Jay Allen Sanford 11:30 a.m., Dec. 11
There is strength in numbers. Whoever coined that phrase must have owned a pack of strong dogs. Dogs are amazing opportunists and are good at sizing up their strength against human beings and other dogs. While it is not unheard of for a pack of Chihuahuas to go on the attack, usually attacks involve strong dogs such as Pit Bulls and Rottweilers. These breeds aren't only physically strong, they are faster and more precise than any others. And when you put two or more of these prizefighters together, pack mentality makes them a serious force to be reckoned with, especially for smaller dogs and children.
This week, Clayton "CJ" Snow learned a treacherous lesson about just how dangerous two dogs can be together. While walking to school, two Rottweilers launched an attack on him that resulted in over 40 bites to his arm, chest, abdomen and hand. After a rousing good time (for the dogs, not for CJ), a young man stepped in and pulled the dogs off as they dragged CJ away.
Two women had tried to help the boy, but the dogs in all their glory, went around them or jumped on top of them to get to their target. One woman went to her car to look for a weapon, but I doubt it would have helped. I've read that men used crowbars to beat two Pit Bulls off a girl, and it didn't faze them.
When dogs are in a high state of arousal, they go into a trance, and nothing short of shooting them will get them to stop. I have many years of experience with strong breeds, but it's a relief I wasn't called upon to rescue the boy. To do so, I would have put my own safety at great risk. There a few good answers in stopping dogs on the run.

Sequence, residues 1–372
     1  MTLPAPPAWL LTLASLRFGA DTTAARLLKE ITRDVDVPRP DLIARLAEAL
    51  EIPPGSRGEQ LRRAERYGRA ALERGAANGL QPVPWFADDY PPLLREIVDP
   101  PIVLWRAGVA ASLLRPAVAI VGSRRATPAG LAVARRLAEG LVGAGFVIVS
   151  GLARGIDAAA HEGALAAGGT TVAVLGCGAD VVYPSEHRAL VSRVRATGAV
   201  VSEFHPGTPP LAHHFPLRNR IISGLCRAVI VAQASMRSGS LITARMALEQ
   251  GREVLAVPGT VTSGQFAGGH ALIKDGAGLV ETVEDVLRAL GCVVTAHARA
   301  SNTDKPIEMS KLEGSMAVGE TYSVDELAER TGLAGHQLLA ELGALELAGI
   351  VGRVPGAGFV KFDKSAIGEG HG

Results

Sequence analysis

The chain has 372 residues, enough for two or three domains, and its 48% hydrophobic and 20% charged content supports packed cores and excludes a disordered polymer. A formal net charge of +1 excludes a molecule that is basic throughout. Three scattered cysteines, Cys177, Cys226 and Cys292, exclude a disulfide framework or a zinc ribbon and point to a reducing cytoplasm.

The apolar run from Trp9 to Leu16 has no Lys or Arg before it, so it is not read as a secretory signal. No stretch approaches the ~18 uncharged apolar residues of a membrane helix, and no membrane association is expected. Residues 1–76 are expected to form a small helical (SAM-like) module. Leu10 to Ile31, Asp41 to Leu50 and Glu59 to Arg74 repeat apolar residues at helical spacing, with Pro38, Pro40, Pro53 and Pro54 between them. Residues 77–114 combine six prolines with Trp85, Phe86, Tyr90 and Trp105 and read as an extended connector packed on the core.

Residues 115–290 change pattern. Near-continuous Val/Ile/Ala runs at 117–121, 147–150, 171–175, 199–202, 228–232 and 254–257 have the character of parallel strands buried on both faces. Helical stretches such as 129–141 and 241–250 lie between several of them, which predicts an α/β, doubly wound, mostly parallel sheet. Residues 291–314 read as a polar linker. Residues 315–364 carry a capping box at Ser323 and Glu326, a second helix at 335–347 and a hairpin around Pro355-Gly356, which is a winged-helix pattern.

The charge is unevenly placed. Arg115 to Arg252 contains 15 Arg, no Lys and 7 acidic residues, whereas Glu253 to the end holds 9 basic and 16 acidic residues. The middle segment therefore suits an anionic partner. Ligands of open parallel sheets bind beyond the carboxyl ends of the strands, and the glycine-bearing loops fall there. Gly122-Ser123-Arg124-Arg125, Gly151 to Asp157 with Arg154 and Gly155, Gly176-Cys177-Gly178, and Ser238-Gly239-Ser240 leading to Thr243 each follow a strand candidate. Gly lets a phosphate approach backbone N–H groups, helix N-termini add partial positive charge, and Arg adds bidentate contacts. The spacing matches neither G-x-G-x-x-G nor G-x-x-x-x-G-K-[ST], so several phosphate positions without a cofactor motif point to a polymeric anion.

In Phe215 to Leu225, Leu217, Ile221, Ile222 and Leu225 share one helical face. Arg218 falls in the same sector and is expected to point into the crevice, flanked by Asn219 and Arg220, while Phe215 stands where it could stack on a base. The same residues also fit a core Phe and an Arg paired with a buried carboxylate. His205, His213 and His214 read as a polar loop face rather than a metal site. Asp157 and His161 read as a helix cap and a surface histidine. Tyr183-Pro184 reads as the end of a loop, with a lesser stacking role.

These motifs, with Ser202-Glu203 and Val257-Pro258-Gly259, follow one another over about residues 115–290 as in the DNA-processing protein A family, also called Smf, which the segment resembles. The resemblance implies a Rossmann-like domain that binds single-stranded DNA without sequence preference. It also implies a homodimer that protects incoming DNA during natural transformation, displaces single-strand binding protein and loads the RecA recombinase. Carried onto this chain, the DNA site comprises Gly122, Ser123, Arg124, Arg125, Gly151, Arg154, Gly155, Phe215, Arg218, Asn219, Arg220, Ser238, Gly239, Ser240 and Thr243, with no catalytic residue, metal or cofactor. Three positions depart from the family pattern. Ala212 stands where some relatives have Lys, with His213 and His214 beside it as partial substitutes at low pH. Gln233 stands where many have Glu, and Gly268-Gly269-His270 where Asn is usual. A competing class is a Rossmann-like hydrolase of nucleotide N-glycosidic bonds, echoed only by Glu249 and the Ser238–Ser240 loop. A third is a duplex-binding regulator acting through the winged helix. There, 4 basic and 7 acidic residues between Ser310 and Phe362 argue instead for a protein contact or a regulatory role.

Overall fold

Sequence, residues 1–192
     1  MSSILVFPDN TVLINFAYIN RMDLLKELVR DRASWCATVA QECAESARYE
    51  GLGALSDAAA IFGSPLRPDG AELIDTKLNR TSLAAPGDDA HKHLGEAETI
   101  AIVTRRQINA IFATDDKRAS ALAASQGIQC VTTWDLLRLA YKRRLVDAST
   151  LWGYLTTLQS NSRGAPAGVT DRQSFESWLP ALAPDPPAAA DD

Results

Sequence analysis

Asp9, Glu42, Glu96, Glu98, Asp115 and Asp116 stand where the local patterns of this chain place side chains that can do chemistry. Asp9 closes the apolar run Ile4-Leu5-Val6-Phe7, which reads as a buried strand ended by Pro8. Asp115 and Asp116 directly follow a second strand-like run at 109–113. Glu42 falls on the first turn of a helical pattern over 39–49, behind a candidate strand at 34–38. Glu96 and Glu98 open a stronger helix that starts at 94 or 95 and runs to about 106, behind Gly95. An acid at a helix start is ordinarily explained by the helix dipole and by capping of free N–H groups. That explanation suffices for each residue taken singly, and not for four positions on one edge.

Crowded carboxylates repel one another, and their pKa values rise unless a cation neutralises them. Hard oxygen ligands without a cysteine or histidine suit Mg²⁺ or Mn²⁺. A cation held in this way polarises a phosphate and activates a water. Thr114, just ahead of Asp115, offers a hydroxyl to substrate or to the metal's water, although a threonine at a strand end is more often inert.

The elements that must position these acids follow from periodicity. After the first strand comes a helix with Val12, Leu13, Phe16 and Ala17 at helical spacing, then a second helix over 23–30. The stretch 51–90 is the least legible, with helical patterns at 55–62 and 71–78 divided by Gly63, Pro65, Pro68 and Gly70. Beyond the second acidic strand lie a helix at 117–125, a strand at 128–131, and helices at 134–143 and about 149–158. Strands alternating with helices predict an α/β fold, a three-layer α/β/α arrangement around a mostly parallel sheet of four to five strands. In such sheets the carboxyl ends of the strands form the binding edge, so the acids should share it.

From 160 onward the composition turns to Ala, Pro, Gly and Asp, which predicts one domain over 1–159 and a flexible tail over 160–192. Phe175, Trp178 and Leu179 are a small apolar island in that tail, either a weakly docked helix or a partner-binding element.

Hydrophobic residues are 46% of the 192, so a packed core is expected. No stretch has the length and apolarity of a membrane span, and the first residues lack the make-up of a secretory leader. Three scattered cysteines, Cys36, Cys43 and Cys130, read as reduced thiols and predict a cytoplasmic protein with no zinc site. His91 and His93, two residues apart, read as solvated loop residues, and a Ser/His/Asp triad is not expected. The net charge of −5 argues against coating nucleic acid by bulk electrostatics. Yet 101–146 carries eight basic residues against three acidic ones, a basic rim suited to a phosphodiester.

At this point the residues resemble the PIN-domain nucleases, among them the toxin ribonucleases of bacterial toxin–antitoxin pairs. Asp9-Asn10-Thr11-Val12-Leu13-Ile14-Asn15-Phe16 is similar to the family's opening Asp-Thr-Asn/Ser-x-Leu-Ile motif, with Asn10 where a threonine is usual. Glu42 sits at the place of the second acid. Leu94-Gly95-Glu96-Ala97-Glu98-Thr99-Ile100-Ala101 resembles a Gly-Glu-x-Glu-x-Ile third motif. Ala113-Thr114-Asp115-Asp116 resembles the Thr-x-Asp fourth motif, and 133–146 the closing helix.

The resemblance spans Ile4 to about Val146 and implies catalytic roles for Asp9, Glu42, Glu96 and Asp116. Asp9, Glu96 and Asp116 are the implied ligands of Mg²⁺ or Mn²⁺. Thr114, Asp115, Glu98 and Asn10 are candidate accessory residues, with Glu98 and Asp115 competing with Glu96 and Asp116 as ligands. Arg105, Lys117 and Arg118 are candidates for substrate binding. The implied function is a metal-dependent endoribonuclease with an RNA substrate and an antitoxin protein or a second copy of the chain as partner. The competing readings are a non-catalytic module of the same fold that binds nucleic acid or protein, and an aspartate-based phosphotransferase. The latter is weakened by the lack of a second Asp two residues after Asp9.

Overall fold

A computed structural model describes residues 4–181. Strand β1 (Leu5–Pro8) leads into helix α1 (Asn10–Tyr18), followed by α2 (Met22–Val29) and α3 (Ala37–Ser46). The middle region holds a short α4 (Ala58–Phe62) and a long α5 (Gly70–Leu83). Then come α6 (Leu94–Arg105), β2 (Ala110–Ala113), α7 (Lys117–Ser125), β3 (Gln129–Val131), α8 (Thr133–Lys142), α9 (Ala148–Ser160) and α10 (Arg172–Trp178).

The important thing when it comes to rescuing someone is to find an object to place in front of yourself for protection. Even a shopping bag will help. If possible, the victim should roll up in a ball to protect the soft places on his body. Remain calm, but use a loud voice to put the dogs on notice. A simple bump on the dogs' back end with your shoe might be enough to knock them out of the trance, and then you can demand that they back off.
Another solution may be to try pulling the back legs and circling around, so the dog has to use his front paws to balance himself and can't turn around to bite you. Keep using the loud voice and insisting that the dogs get away from the victim. Keep walking forward to let them know you are not intimidated. With luck, you'll still be around to celebrate the next Christmas holiday.
The Rottie's owner says he can't figure out why the attack occurred because he took the dogs to obedience school, walked them regularly, and often got them around people. Nice try, but these things don't stop predatory behavior. A secure fence works every time (That's assuming he didn't let the dogs run loose deliberately).
As Temple Grandin, author of "Animals in Translation" puts it, "A typical bad-news situation is what happens when a group of predatorily-motivated dogs happen across a small dog or unsupervised child careening across their path. With so many minds at work it is much more likely that one will be inspired by the thrill of the chase and others will be drawn into the fray by irresistible, almost magnetic natural forces.
In humans, the "lynch-mob" or "gang" mentality describes analgous behavior driven by the effects of peer pressure. In some cases the power of some forces become overwhelming and reason is superseded. Although they are rare, there are a number of extremely unfortunate incidents each year in the United States in which groups of "wild dogs" attack and maim or kill children. The culprits are usually medium- to large-sized dogs with innately high prey drive that are cruising neighborhoods in groups of two to six "pack" members.
With this kind of knowledge so readily available to dog owners, one has to ask: Why do these attacks keep happening?